No worries, here. I promise to bring scandal and much discussion in a near future post in which I complete my thoughts on inflation, promiscuous license, and inflationary sex. Trust me, it is amazing the corollaries.
Today, though I want to discuss frugality and thrift. These are two virtues that fit snuggly with industriousness. Industriousness is that virtue we should have learned at about age four or five when our parents gave us something to play with create something by intersecting our will with the created order. Frugality and thrift go along with this virtue by attempting to limit how much of that created order is used so that waste is not piled up and so that these resources may be allotted to others who need them.
These are natural virtues mentioned by both the Church and liberal thinkers like Henry Hazlitt. Notice the similarity:
“Let the working man and the employer make free agreements, and in particular let them agree freely as to the wages; nevertheless, there underlies a dictate of natural justice more imperious and ancient than any bargain between man and man, namely, that wages ought not to be insufficient to support a frugal and well-behaved wage-earner.”
“The classical economists, refuting the fallacies of their own day, showed that the saving policy that was in the best interests of the individual was also in the best interests of the nation. They showed that the rational saver, in making provision for his own future, was not hurting, but helping, the whole community. But today the ancient virtue of thrift, as well as its defense by the classical economists, is once more under attack, for allegedly new reasons, while the opposite doctrine of spending is in fashion.”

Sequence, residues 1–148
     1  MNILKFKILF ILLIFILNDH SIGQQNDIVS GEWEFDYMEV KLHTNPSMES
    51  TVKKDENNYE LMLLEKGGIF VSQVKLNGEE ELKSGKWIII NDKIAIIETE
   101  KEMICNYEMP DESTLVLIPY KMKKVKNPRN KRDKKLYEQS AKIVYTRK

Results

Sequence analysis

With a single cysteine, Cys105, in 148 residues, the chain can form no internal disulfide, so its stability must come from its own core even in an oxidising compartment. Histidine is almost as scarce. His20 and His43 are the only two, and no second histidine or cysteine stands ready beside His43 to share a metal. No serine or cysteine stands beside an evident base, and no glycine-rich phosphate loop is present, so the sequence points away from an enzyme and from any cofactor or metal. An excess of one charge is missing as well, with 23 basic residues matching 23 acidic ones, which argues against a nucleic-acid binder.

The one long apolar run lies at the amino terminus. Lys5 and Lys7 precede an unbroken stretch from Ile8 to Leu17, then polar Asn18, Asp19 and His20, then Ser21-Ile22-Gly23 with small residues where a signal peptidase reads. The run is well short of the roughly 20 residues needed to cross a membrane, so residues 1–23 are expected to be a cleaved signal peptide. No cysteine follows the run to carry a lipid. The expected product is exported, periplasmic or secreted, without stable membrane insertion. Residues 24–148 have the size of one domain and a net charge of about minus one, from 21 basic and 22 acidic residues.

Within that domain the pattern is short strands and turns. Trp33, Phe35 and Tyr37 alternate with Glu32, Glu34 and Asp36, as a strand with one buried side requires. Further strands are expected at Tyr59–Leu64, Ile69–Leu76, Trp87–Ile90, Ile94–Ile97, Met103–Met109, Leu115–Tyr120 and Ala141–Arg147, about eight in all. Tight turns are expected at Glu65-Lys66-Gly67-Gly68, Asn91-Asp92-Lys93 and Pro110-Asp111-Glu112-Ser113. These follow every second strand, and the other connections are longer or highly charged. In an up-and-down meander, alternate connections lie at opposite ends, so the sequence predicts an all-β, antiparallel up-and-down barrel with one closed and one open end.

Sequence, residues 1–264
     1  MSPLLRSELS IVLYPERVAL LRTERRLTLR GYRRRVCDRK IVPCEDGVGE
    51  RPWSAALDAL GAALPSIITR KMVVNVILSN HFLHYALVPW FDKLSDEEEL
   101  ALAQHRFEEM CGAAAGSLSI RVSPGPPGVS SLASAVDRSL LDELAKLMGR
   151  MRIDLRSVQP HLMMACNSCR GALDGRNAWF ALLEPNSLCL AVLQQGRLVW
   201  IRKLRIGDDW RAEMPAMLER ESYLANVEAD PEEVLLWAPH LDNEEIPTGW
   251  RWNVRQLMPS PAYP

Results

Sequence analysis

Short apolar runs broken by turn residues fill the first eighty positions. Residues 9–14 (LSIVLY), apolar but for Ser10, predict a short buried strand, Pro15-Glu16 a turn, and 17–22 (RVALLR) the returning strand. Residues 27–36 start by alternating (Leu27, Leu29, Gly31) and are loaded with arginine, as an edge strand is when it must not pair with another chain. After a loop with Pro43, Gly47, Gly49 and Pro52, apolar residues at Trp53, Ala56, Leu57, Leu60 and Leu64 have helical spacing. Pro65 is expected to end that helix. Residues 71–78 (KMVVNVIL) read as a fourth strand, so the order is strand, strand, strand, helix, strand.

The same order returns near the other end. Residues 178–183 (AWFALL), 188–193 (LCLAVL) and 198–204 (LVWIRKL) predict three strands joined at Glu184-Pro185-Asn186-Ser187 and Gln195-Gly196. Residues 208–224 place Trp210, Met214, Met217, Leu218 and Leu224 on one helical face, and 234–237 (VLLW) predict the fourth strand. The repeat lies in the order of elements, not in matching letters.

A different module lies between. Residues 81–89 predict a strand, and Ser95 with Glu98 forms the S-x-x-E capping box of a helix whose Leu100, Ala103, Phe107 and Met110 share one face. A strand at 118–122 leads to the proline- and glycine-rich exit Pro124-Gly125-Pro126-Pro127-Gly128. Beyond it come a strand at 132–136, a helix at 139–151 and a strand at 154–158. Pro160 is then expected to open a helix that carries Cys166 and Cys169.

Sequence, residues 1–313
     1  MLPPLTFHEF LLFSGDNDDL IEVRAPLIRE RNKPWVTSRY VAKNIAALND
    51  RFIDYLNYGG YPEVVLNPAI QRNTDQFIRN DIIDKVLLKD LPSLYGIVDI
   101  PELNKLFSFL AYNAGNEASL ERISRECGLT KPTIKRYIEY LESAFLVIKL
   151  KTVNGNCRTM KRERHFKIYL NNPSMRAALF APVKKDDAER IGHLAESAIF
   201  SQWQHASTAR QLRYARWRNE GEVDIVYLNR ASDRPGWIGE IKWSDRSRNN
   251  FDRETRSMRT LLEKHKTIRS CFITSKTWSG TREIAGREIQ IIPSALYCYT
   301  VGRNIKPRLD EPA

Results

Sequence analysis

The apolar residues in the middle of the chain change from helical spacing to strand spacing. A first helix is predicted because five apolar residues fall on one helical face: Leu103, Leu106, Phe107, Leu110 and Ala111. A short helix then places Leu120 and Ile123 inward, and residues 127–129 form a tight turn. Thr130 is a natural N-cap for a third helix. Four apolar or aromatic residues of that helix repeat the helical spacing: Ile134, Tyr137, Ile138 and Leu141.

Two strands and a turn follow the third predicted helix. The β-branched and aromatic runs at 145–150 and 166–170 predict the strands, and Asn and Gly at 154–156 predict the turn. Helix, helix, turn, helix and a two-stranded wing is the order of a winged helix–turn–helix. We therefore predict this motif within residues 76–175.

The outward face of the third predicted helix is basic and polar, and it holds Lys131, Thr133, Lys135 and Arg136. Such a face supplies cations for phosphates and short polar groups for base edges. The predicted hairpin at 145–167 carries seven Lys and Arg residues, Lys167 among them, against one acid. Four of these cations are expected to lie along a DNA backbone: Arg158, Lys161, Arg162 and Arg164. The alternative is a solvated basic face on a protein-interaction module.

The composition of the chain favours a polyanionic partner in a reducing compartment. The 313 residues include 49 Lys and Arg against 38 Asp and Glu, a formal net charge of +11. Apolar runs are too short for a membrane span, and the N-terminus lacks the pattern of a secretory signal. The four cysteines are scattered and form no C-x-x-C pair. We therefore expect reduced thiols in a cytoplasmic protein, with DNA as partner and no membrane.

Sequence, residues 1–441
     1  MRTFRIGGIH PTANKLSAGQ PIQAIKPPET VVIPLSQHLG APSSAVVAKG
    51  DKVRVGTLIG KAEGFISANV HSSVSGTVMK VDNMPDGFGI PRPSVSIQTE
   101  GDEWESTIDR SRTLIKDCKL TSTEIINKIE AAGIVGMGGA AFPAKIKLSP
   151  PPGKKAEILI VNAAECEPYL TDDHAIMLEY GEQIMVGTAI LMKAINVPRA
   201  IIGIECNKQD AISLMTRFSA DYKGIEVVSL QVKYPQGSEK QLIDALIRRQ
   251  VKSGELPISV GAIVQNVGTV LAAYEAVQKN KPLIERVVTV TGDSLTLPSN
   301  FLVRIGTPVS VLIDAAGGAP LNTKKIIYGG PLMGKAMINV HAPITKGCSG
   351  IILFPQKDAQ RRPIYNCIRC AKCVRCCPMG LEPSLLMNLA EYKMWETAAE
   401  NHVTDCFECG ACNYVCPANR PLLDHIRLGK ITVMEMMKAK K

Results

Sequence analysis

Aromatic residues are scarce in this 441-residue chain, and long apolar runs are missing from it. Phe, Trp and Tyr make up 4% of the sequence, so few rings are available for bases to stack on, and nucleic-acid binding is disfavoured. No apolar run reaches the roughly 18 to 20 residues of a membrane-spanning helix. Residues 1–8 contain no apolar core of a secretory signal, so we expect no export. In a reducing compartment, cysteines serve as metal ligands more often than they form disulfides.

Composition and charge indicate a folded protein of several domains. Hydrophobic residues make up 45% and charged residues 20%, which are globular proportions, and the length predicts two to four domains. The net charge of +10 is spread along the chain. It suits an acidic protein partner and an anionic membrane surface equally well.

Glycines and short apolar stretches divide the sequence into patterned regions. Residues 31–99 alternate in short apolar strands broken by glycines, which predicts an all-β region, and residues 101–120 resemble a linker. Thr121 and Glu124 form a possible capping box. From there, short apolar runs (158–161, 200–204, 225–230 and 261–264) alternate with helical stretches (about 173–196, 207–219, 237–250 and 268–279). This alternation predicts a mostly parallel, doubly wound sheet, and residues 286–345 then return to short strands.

Both understood that a labor contract should be a free agreement and both would agree that a labor contract could be entered into without justice by lack of knowledge, force, coercion, etc. The interesting connection of frugality is present as well. Rerum Novarum mentions wages for a frugal and well-behaved wage-earner and Hazlitt starts from the opposite side and mentions thrift leads to savings which leads to the investment and proper aligning of the economic order. The spendthrift, both understand, is irresponsible with limited resources and harm society. Hazlitt is prophetic in that he sees the high spender becomes a high roller and squanders and gambles his excess wealth. Both call for the proper spending of excess wealth for those who need it most. It is in this way that saving our wealth is spending it in a proper way because it is not hoarded, something both would reject; rather it is used to re-invest in the market so that production of needed goods and services will continue. Throwing money around like “it grows on trees” (maybe it was money from the same Tree of Knowledge of Good and Evil) to get the wheels of the economy greased and rolling is one of the largest lies of snakes today.
Hazlitt’s next paragraph, mentions one of my new favorite thinkers, Frederic Bastiat. Henry uses one of Bastiat’s example of two rich brothers, one spends and the other thrifts. Hazlitt and the Church again meet on common ground for Bastiat died embracing his Catholic Faith.
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